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Backcountry favorite 'Draco' reimagined

Patey: 'We're gonna improve everything'

Just over a month after admitting to mistakes that caused the demise of the short takeoff and landing monster known as Draco, owner Mike Patey announced plans to resurrect the backcountry beast and "improve everything."

During an Oct. 23 YouTube video, 'Draco' owner Mike Patey vowed to "improve everything, from the wing to the power plant to the landing gear" for his next turboprop-powered short takeoff and landing aircraft. Photo courtesy of Mike Patey via YouTube.

He said, “We’re going to make it even better” than the original Draco, which captured attention inside and outside of the aviation community after the super STOL aircraft stormed onto the scene with a screaming turboprop engine and flashing LED lights during EAA AirVenture in 2018.

Patey, his wife, and a close friend survived an accident in the red high-wing turboprop as they were departing Reno/Stead Airport following the Stihl National Championship Air Races September 16. The weather in Reno, Nevada, that day had turned other pilots away.

"I should have waited," Patey told his online audience at the time. "I screwed up, made some bad choices, and as a result, I risked my family and friend. Draco's gone. That sucks. I hope you all learn from it."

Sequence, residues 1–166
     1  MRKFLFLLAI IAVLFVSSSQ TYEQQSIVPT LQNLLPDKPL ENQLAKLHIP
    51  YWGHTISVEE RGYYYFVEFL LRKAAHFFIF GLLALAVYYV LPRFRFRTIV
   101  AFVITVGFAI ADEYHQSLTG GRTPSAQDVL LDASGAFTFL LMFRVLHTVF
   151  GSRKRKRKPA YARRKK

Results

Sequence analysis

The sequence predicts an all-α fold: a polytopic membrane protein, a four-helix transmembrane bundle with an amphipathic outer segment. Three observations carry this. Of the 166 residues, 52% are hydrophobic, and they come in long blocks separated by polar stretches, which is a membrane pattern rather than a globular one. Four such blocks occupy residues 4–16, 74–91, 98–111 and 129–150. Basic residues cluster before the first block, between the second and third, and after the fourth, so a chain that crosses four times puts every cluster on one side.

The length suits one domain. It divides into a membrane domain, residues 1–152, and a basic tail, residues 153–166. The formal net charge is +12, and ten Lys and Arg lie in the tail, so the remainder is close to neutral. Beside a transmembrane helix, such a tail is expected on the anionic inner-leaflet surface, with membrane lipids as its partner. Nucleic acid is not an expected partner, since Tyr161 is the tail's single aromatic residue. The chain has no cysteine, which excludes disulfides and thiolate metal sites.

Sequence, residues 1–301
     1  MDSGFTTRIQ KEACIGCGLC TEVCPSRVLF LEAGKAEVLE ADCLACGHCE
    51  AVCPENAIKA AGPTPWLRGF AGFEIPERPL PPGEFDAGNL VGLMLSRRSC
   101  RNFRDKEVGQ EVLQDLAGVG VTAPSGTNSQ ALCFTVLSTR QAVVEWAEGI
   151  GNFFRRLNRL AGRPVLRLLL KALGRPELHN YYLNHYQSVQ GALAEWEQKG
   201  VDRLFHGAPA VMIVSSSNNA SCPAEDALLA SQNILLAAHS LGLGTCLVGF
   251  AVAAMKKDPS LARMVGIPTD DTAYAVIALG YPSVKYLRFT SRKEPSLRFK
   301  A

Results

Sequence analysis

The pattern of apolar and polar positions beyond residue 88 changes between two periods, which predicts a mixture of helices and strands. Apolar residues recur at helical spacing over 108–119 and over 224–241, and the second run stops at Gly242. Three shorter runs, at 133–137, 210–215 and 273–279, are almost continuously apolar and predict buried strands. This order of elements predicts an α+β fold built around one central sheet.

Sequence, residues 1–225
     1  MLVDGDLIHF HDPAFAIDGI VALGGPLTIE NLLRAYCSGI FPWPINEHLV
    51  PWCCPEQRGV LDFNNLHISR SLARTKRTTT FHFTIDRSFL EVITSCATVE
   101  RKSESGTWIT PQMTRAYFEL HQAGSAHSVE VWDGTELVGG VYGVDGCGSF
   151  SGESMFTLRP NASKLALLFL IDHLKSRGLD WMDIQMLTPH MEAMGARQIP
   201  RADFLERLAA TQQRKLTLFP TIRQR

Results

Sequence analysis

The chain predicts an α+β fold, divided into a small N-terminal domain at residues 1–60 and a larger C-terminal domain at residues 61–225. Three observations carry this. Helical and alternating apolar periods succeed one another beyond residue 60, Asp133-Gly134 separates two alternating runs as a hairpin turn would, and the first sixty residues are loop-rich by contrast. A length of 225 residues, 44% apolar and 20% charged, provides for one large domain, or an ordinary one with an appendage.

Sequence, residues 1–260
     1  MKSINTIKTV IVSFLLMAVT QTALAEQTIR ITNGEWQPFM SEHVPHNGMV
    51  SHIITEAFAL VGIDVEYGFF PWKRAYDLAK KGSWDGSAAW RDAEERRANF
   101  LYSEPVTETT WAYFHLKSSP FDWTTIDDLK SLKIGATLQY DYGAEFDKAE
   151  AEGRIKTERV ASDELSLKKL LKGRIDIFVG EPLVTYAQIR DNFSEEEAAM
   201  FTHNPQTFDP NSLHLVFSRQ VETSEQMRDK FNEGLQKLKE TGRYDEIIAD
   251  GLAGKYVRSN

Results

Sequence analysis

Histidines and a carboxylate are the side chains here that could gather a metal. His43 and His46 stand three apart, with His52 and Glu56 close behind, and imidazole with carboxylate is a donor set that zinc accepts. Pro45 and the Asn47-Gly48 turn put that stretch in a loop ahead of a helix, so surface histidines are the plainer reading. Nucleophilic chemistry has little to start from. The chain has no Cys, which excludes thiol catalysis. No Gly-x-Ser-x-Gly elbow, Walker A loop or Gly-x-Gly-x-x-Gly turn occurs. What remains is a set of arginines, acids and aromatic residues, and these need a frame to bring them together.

Apparently, he has. Patey vowed to “improve everything, from the wing to the powerplant to the gear” during an online video he posted October 23.

He said the drawing board again begins with a PZL–104 Wilga, a Polish-made airplane designed with piston power in mind. Plans include larger wings with an additional wing spar and a lengthened chord, higher gross weight, increased range, and more fuel capacity. “Beyond that, we’re going to give it near 1,000 [shaft] horsepower,” a 40-percent increase over Draco’s 680-shp Pratt & Whitney PT6A-28 powerplant. 

Patey explained that his lofty goals for the new Draco X included helicopter-like capability combined with fixed-wing turboprop performance. “I want to fly faster than a helicopter,” climb “to 28,000 feet” above most weather, fly “further than a helicopter,” land in a confined area of 50 feet by 100 feet, “and I want to be able to do that with four big guys” and "all their gear."

Online reaction to the news was swift and generally positive. “I can’t believe how emotional I am about an aircraft I’ve never seen in person and a pilot/creator I’ve never met. Great news!” posted one supporter to his YouTube channel. Others volunteered their time and resources to help rebuild the iconic aircraft.

“We’re about ready to step it up to a whole new level,” Patey vowed in the video.

David Tulis
David Tulis
Senior Photographer
Senior Photographer David Tulis joined AOPA in 2015 and is a private pilot with single-engine land and sea ratings and a tailwheel endorsement. He is also a certificated remote pilot and co-host of the award-wining AOPA Hangar Talk podcast. David enjoys vintage aircraft ad photography.
Topics: Jet, Backcountry

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